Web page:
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Mrs Dalloway

Mrs Dalloway


by Virginia Woolf

Mrs Dalloway Section 1 Summary

  • Mrs Dalloway (a.k.a. Clarissa) sets off to buy flowers. She knows that Lucy has a lot of work to do and it’s a beautiful morning, so why not?
  • Leaving the house for the outside world stirs profound feelings in her, reminding her of the feeling of opening a window at Bourton (her family’s country home) and stepping out to breathe the fresh air.
  • She immediately recalls being eighteen years old there, feeling the strange combination of exhilaration and fear; she also remembers how Peter Walsh interrupted her with some silly remark about vegetables.
  • Back in present day, Mrs Dalloway thinks of how Peter Walsh will soon return from India. She thinks of all his annoying quirks, like constantly playing with a pocket-knife. (That sounds more dangerous than annoying to us.)
  • People in Clarissa’s London neighborhood of Westminster recognize her as she walks down the street. (You start to get get recognized after twenty years in the same town.) Scrope Purvis observes her resemblance to a bird; she was recently sick and still looks a bit pale. (Not the nicest thing to say about a woman, but hey.)
  • Living in Westminster, Mrs Dalloway has come to anticipate the hourly sounds from Big Ben. She proceeds down the street, making observations to herself about the various people and things she sees: a vagrant on the steps, cars passing, an aeroplane. Yes, an aeroplane (fun word, right?). It’s a beautiful June day.
  • The war is over and everyone’s incredibly relieved. (This is World War I we're talking about; since the novel was published in 1925, that's not too tough to figure out.)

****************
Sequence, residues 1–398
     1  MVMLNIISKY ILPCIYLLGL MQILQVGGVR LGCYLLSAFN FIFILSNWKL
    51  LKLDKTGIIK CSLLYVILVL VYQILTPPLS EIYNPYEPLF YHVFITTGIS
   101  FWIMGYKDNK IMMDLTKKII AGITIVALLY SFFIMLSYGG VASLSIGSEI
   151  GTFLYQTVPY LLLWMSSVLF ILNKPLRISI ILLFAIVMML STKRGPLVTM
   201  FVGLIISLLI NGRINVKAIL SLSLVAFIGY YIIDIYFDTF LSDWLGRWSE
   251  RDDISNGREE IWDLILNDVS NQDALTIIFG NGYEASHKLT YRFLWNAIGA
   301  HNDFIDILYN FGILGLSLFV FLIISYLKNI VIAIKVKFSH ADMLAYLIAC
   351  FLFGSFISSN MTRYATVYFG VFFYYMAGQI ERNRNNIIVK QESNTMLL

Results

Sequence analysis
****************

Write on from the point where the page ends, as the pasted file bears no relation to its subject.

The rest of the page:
• London is full of life and tradition: the king and queen, cricket, shoppers out and about. Mrs Dalloway loves it all. After all, her family history is very connected to England, even with ties to previous kings.
  • Oh, and she’s giving a party tonight. Awesome.
  • While on her walk, she runs into Hugh Whitbread. He’s in London to take his wife, Evelyn, to see a few doctors. Mrs Dalloway doesn’t pry, but it’s clear that Evelyn is not well. Hugh makes Mrs Dalloway feel "schoolgirlish;" neither her husband Richard nor Peter Walsh ever liked that she liked him. You know how it goes.
  • Actually, she remembers some conflict between Peter and Hugh at Bourton, which makes her think of how she and Peter haven’t seen each other for a long time.
  • Peter didn’t see things the way she did. He was dry, unenthusiastic. He didn’t see beauty like Clarissa, but instead thought of Wagner and poetry. Bo-ring.
  • They argued because he wanted to marry her. Richard, on the other hand, gave her more space; Peter had to share everything. Still, she was sad when she heard that Peter had married some woman in India.
  • Clarissa keeps heading through London, watching taxis and feeling the anxiety of everyday living. This walk is getting intense!
  • Mrs Dalloway is a simple woman, reading only memoirs, but priding herself in understanding people "by instinct" (1.16). She never really takes risks (though once she threw a coin into a lake – crazy!). She wonders about death, and how life will go on without her after she dies.
  • Along her walk, Clarissa reads a book through a shop window and thinks about the solitary condition of human beings. She thinks about buying a book for Evelyn Whitbread.
  • Mrs Dalloway has some regrets, and wishes she looked like Lady Bexborough: dark-skinned and stately. She feels invisible, now old, past the age of having children. She’s not Clarissa but Mrs Richard Dalloway. (Check out "What's Up With the Title?" for more on this.)
  • Clarissa absolutely loves Bond Street with its shops full of shoes and gloves, things her daughter, Elizabeth, doesn't care for.
  • Elizabeth spends a lot of time with Miss Kilman, a horrible (in her mind) woman who takes Elizabeth to Catholic meetings. Elizabeth's relationship with Miss Kilman may be exciting, but Mr Dalloway comforts Clarissa by telling her that their relationship is just a phase.
  • Miss Kilman is a tortured soul, a sufferer and a martyr. She wears her poverty and inferiority like a badge of honor. Clarissa becomes physically disturbed at the mere thought of this woman.